Working and walking alongside Aboriginal and Torres Strait Islander children and young people: A practical guide for non-Indigenous workers

Judy Atkinson, Margaret Hayes and Caroline (Carlie) Atkinson, Australia, May 2020

Aboriginal and Torres Strait Islander peoples should be aware that this resource may contain imagery, audio or names of people who have passed away.

Key messages

  • An understanding that it takes time to establish safe and connected relationships with Aboriginal and Torres Strait Islander children who experience the effects of generational trauma.
  • Understanding a child’s world is an important step for non-Indigenous practitioners in this work.
  • An understanding of the generational history of Aboriginal and Torres Strait Islander families and the effects of generational trauma, including the fear of authority, are crucial for non-Indigenous practitioners in developing culturally competent practice.
  • Non-Indigenous practitioners can use their skills and capacities to better understand Aboriginal and Torres Strait Islander children. This can be significantly beneficial in developing safe, trusting and collaborative relationships between practitioner and child.
  • The creative use of story and play is an effective tool in working with Aboriginal and Torres Strait Islander children and their families.
  • The behaviour of Aboriginal and Torres Strait Islander children is language. It is important that non-Indigenous practitioners can listen and interpret this language in a non-judgmental and safe way.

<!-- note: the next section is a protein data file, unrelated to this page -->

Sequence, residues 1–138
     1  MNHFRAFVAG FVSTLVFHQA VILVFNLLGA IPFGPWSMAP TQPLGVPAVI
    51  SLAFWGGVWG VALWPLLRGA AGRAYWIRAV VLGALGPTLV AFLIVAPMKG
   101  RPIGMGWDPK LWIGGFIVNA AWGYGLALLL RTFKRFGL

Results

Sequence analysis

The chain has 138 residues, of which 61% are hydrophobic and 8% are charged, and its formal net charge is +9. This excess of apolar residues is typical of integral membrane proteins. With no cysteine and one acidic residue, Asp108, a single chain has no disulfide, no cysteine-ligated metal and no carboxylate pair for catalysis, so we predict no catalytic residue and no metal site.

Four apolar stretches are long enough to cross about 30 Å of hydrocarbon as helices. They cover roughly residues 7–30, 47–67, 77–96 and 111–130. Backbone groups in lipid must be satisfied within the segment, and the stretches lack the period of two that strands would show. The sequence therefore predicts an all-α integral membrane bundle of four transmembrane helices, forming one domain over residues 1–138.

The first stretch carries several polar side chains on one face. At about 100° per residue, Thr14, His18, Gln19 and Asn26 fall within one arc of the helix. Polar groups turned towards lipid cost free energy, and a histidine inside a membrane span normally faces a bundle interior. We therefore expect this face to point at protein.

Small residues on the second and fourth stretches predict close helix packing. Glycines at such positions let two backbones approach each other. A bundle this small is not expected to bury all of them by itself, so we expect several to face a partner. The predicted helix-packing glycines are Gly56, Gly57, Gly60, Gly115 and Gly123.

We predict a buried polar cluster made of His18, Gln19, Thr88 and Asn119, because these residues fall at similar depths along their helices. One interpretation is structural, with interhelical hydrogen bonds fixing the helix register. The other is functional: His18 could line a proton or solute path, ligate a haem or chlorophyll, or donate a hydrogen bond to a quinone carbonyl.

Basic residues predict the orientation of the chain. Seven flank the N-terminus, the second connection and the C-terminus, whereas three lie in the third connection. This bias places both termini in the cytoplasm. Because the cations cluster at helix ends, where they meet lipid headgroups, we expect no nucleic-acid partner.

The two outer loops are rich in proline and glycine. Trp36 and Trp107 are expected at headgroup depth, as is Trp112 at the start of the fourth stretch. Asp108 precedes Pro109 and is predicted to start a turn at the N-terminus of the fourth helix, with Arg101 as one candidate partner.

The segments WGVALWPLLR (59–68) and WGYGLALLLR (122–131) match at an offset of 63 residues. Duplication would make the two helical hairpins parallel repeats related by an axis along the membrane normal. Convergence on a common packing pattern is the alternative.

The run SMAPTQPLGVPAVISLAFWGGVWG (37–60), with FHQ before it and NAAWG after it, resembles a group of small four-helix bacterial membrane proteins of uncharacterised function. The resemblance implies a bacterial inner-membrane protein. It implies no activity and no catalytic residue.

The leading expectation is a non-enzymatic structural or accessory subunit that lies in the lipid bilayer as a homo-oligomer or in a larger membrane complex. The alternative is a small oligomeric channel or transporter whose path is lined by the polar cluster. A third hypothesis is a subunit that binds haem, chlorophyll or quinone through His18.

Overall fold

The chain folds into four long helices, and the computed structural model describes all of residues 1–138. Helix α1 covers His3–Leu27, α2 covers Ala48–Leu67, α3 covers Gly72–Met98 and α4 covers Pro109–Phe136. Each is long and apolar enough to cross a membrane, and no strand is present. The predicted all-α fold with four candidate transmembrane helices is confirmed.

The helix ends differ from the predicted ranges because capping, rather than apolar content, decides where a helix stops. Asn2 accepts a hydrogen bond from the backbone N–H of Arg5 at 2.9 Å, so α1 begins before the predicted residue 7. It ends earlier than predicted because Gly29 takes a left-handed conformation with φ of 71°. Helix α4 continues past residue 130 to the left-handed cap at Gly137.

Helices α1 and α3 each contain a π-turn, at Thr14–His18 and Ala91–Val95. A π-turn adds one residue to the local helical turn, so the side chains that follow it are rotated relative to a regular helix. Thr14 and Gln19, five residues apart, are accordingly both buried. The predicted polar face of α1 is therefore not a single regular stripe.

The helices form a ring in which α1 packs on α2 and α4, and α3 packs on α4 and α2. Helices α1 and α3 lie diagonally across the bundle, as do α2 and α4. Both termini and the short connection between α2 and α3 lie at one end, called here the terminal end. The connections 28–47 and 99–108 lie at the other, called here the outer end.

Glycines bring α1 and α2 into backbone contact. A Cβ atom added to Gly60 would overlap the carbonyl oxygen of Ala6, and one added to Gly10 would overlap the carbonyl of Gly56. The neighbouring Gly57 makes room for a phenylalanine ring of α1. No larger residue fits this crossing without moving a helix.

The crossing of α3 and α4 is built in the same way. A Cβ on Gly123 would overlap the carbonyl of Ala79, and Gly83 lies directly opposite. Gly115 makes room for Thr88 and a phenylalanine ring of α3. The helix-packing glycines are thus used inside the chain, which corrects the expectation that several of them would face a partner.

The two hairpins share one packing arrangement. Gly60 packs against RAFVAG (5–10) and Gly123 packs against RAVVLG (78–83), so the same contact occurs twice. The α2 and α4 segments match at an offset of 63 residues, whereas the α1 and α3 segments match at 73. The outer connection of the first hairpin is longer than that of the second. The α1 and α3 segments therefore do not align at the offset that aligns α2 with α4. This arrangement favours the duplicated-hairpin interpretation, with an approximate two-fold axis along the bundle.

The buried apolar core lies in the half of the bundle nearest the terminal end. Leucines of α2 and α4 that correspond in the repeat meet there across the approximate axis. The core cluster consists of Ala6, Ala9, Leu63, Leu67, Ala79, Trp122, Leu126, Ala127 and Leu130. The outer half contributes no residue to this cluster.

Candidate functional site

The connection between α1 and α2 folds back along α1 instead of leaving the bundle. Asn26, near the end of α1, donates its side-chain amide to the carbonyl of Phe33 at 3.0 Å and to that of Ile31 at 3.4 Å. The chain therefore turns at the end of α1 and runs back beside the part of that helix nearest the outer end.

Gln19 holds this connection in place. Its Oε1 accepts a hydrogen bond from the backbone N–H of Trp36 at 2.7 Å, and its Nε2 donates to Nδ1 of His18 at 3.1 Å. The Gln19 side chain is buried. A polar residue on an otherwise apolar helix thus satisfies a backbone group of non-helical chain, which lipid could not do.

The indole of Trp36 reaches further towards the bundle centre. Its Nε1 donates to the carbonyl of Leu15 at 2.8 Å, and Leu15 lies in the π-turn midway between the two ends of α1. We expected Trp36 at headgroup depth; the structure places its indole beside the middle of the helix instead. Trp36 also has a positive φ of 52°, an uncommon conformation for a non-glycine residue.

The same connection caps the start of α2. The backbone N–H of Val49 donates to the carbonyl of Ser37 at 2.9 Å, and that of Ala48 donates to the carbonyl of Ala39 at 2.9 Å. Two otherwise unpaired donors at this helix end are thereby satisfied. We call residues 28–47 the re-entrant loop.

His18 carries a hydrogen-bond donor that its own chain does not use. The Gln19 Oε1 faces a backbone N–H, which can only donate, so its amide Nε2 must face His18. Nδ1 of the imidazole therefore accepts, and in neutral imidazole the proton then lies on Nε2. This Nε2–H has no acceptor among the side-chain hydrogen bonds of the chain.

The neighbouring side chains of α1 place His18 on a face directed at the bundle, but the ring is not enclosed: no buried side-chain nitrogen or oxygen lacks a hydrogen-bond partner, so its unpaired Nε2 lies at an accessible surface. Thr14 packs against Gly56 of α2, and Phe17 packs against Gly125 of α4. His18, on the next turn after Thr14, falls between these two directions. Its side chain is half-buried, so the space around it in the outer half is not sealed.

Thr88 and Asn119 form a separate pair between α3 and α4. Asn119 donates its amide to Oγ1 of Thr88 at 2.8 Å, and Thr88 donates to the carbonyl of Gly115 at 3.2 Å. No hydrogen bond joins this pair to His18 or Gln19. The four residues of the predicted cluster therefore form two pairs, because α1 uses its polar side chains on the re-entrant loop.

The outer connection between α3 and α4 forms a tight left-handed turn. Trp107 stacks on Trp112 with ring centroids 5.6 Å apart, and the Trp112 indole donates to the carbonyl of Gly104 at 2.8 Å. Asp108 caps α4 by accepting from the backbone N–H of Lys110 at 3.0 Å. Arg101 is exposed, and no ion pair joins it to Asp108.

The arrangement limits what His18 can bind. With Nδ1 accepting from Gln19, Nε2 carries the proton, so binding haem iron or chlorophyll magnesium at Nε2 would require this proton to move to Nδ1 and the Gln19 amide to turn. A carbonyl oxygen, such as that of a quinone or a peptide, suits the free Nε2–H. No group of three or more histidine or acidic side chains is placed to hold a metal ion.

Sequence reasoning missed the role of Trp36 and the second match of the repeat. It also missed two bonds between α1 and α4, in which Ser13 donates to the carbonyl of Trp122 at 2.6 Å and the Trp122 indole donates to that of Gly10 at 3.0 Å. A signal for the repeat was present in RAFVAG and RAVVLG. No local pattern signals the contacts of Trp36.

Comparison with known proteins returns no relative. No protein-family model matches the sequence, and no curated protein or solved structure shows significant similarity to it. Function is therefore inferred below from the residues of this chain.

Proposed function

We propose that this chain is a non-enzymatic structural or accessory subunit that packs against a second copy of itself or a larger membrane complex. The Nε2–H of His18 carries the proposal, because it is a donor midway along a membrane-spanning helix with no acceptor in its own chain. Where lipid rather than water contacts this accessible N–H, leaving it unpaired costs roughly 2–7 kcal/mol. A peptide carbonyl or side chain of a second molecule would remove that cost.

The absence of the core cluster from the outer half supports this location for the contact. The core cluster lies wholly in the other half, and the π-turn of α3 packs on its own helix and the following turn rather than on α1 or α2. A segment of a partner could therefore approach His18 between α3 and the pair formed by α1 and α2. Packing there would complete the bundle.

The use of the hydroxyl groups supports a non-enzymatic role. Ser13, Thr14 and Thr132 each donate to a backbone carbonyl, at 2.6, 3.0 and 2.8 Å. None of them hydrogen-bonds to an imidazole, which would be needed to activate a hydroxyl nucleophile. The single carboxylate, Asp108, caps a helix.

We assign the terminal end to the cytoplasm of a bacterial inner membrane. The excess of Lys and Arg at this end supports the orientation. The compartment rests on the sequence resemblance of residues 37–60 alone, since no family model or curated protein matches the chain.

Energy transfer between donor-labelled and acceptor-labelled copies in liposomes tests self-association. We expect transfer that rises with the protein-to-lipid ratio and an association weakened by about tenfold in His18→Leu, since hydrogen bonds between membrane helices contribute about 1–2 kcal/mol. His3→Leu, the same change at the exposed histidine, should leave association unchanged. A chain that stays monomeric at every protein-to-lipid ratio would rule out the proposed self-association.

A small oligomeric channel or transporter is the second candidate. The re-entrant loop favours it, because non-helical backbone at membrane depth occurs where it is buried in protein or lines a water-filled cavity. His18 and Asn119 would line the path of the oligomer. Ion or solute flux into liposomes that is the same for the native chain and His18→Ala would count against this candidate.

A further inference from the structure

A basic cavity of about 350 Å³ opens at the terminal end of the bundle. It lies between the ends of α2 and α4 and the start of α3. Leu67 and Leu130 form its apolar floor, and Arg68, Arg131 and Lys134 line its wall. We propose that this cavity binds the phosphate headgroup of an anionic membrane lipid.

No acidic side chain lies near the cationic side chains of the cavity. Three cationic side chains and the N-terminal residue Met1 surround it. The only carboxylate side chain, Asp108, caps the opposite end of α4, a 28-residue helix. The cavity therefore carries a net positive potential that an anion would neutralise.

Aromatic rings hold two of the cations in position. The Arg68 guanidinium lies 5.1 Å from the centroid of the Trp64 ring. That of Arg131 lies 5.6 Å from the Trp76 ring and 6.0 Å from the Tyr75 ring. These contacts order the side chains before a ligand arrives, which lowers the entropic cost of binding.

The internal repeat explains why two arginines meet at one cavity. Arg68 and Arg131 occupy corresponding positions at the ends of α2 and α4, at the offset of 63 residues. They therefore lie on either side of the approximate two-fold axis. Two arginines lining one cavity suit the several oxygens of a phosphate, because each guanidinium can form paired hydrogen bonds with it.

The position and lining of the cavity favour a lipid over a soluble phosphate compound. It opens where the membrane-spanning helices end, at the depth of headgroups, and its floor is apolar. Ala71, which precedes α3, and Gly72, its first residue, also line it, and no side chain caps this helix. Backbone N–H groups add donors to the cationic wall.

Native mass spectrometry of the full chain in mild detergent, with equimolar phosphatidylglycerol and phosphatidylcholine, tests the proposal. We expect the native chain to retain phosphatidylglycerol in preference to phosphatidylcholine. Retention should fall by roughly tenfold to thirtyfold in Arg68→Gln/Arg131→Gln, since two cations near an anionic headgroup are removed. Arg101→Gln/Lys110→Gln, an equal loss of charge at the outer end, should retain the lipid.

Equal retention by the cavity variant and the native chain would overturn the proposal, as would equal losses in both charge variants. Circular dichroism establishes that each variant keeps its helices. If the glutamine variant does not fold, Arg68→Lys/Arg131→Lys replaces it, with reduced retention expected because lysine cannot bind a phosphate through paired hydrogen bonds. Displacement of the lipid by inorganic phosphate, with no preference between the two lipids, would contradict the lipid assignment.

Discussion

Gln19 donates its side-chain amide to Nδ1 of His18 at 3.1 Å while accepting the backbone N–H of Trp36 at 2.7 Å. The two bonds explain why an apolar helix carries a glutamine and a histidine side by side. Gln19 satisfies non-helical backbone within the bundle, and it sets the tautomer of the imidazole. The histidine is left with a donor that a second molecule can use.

• Words and actions are powerful. They can positively change lives or destroy them. Practitioners should take care to use words to develop self-esteem and not to wound an already wounded child.

The term ‘woundedness’ is used to emphasise experiences of deep trauma and the impact they have on the body, mind, soul and spirit of a child. Our responsibility as adults to is provide healing possibilities for all children.

Is this resource for me?

This resource is designed to provide information, concepts, practical skills and suggestions to guide non-Indigenous professionals working with Aboriginal and Torres Strait Islander children, young people and their families/communities.

Many Aboriginal and Torres Strait Islander families are creative, energetic and embodied within their cultural heritage while involved in the systems, structures and opportunities of contemporary Australia. Some families, however, continue to be held in the pervasive wounding from trauma that has become generational. To fully understand those lives and circumstances, it is necessary to understand and accept the impacts of trauma across generations, without judgement, but with clear insight and intention to use your skills and capacities for healing.

This resource uses stories to highlight both children’s capacity for resilience under painful circumstances and their capacity for compassion beyond what they have experienced from some adults and professional workers. Too often such workers have not yet learnt that behaviour is language (Atkinson, 2019), often a protective cry for help, that can also tell us what is wrong within the broader social circumstances in which the child lives.

The preferred terminology used by Emerging Minds in our resources is Aboriginal and Torres Strait Islander, as guided by our Aboriginal and Torres Strait Islander Social and Emotional Wellbeing National Consultancy Group.

Developing a context

Any family can have a child with behavioural challenges. However, if every child in the family or a large percentage of children in a regional area are exhibiting behavioural challenges, there are obviously major family vulnerabilities which, through research, may prove to be embedded within a region’s history.